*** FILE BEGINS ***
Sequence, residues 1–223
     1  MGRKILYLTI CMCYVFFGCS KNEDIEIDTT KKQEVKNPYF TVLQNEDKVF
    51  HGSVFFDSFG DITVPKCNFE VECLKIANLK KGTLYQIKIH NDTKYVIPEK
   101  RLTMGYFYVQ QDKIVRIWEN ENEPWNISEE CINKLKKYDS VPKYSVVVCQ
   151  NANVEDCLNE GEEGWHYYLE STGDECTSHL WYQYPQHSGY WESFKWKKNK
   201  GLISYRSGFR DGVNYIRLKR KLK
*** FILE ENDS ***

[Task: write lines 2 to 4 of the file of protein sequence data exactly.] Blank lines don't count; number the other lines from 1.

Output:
     1  MGRKILYLTI CMCYVFFGCS KNEDIEIDTT KKQEVKNPYF TVLQNEDKVF
    51  HGSVFFDSFG DITVPKCNFE VECLKIANLK KGTLYQIKIH NDTKYVIPEK
   101  RLTMGYFYVQ QDKIVRIWEN ENEPWNISEE CINKLKKYDS VPKYSVVVCQ